Tech executive qualifies standard of IT education in Mindanao
“There is a huge demand for skilled IT professionals from the country, especially from offshore. More and more IT work, especially software development, is moving from India, Eastern Europe and China to the Philippines because of the growing reputation of Filipino IT professionals for quality, dedication and professionalism. However, we are increasingly challenged to meet this demand because the vast majority of colleges and universities offering IT-related courses are no longer meeting even the minimum standards of IT education set by CHED”, said Calen Legaspi, CEO of a local software development firm.
Legaspi has been championing educational reform in fields of Information Technology and Computer Science, a cause which involves active participation of the company he co-founded, Orange & Bronze Software Labs (O&B).
O&B, as part of its corporate social responsibility program, has been organizing or participating in programs that support the Philippine academe since 2007. The Filipino software development firm provides free training and seminars to teachers, usually through partnerships with government and non-government organizations and industry groups, as well as other programs aimed at enhancing the knowledge and skills of educators.
Legaspi believes that “the private sector needs to realize that it has a huge responsibility to the local IT community. It is important to facilitate mutual understanding of each other’s strengths and challenges, because the future of their businesses relies heavily on the academe. These are the same people who will develop and mold their future workers, managers, and leaders.”
He also serves as the Technology Director for the Philippine Software Industry Association (PSIA), a role that provides him more opportunities to implement changes -- changes that are essential to ensure that the Filipino software engineer is highly employable and able to compete against his overseas counterparts. His responsibilities in the PSIA include working with the Commission on Higher Education (CHED) as the official representative of the Technical Committee on Computer Science.
His most recent project with CHED is a sojourn to different universities and colleges in Mindanao, part of an initial series of school visits that will cover the whole country. There are currently a total of 1,200 schools offering IT-related degree programs in the Philippines, and CHED has visited less than 100 of these institutions in 2011.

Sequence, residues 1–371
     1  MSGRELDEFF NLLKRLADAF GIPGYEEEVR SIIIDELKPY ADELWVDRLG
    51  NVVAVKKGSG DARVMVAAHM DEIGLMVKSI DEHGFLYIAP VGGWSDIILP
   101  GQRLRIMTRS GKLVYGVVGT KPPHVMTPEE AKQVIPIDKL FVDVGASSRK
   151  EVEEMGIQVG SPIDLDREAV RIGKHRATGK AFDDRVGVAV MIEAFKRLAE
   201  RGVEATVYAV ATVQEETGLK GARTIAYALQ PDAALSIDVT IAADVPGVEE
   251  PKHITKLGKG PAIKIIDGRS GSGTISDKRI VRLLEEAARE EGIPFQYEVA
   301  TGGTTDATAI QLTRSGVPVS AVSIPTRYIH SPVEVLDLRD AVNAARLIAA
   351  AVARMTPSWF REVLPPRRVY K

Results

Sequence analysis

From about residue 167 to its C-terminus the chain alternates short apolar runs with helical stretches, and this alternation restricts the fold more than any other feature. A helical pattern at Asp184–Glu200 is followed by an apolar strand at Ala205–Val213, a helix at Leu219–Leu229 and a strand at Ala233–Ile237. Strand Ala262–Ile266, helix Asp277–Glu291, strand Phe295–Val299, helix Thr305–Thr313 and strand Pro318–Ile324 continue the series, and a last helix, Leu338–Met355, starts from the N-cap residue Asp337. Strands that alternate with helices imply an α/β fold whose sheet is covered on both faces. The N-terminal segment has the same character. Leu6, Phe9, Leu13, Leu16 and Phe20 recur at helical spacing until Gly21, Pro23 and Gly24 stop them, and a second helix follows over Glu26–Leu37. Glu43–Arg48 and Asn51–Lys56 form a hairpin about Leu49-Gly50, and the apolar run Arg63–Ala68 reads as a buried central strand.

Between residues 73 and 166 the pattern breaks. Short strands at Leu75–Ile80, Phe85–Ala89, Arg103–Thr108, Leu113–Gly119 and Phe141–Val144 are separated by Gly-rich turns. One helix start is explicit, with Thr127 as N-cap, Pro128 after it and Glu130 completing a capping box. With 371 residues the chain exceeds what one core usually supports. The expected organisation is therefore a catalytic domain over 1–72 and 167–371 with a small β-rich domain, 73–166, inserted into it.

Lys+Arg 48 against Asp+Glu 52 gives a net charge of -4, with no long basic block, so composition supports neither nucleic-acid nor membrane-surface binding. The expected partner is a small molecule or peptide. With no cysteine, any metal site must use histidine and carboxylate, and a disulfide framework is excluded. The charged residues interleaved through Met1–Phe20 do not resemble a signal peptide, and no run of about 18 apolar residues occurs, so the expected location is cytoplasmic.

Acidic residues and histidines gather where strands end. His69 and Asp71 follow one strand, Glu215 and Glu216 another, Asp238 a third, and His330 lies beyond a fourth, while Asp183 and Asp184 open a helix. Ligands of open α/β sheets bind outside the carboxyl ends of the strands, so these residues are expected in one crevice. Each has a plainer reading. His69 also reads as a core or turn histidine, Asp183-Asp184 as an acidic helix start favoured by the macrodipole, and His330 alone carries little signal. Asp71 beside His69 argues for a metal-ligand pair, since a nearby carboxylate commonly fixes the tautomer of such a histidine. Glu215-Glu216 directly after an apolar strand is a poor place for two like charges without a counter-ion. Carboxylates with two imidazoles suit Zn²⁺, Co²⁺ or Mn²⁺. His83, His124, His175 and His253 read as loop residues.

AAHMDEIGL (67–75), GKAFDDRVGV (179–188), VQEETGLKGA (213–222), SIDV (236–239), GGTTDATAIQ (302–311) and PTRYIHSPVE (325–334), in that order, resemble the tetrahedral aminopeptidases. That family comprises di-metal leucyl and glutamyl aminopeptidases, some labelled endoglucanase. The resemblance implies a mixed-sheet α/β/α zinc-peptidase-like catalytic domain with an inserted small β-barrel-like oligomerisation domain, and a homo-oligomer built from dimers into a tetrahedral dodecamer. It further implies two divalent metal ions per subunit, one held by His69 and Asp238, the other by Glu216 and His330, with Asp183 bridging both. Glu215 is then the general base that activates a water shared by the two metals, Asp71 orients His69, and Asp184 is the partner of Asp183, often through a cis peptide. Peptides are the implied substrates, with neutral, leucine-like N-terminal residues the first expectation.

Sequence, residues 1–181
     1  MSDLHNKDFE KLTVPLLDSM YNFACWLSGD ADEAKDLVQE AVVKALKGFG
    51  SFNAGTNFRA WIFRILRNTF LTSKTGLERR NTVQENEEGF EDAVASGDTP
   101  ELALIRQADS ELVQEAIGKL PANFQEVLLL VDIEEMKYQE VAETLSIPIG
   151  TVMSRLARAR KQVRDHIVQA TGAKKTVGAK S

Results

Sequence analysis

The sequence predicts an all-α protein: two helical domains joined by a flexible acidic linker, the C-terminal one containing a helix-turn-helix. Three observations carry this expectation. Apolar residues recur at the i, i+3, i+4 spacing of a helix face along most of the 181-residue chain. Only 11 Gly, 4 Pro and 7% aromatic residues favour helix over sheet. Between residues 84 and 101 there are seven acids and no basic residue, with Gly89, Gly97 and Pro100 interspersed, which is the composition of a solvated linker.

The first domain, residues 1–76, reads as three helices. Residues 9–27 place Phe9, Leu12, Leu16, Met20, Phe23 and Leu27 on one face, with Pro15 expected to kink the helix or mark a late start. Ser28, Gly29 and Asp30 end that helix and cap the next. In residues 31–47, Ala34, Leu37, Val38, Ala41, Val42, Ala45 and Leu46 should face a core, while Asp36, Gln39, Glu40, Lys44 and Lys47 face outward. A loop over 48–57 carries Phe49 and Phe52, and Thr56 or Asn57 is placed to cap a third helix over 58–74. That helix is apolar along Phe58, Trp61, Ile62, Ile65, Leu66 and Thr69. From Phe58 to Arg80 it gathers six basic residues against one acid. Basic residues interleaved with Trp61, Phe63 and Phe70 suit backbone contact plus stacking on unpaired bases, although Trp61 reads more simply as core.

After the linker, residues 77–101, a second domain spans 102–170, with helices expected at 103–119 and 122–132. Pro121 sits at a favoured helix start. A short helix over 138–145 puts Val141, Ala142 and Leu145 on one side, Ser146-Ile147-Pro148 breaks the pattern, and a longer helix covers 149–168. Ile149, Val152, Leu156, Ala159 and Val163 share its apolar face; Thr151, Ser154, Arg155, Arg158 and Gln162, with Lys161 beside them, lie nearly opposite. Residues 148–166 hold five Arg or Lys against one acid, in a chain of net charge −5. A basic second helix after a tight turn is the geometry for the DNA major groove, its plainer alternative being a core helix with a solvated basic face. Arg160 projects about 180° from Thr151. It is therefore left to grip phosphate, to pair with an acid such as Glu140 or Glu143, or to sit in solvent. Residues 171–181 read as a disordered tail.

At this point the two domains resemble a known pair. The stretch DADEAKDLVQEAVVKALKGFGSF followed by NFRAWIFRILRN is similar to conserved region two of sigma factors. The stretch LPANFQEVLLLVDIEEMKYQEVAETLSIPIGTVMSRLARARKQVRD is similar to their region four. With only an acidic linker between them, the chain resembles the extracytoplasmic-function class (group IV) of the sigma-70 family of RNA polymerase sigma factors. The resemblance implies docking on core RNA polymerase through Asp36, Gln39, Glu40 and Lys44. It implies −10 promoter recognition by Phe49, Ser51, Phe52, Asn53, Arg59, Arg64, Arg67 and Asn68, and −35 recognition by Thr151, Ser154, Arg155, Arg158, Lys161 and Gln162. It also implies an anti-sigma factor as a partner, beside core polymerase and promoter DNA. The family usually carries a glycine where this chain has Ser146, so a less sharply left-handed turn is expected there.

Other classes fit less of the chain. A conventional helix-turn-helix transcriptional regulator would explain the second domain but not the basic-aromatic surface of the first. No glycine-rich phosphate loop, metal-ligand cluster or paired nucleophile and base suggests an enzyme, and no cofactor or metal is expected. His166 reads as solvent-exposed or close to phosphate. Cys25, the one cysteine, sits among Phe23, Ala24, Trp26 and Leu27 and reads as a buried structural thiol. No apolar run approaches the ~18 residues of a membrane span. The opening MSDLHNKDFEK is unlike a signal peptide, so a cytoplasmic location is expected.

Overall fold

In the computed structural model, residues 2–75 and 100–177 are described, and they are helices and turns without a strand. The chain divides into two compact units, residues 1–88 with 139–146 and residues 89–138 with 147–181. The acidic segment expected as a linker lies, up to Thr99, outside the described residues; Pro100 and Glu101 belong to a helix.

“The various assessment teams have only visited around 80 of these this year, but we are hoping to visit a much larger number in the coming years. We’ll be involving more volunteers from the industry in order to be able to visit and assess more schools.”
Legaspi joined the assessment team in Region X - though the task was gruelling, with members of the team travelling to remote locations for hours on rough roads, he believes that the benefits hugely outweigh the inconveniences.
“We evaluated five colleges in Region X located in Bukidnon and Misamis Oriental. We used a rating system based on the CHED Memorandum Order 53 (CMO 53) issued in 2006 specifying requirements for the offering degree programs in Computer Science, Information Technology and Information Systems to assess the instructors, curricula, technology and resources available in these campuses. The same was done by other assessment teams throughout the country. Unfortunately the vast majority of schools visited, not just in Region X but all over the Philippines, do not comply with CMO 53.”
On a positive note, Legaspi added, “Occasionally though, we would find some rough gems - schools with faculty and administrators determined to serve a high level of academic excellence in IT education to their communities. These schools are often unexpectedly found in remote towns in the country. It is heart-warming and encouraging to see the sincere efforts of these educators, despite the many difficulties in doing so. For these schools, CHED and the PSIA offer their support programs, such as CHED’s ‘Center of Development’ program and PSIA’s Industry-Academe Linkage.”
He said that “institutions that are serious and determined to provide proper education to aspiring IT professionals are doing their communities and the entire country a great service. On the other hand, those institutions that are not committed to providing even the minimum level of education stipulated by the government are doing a great disservice to the country and to the families of students investing their hard-earned money in their children’s education. The most frustrating and often infuriating part our work, for myself and for the other assessors, has been finding out that most schools fall into the second category.”
As a final message, Legaspi called for greater participation from the industry in supporting the educational system. “I’d like to encourage more IT companies to be involved in the various initiatives of both government institutions and of non-government organizations to support the academe. The academe is the foundation of our industry and if we let it fall apart, so goes our industry.”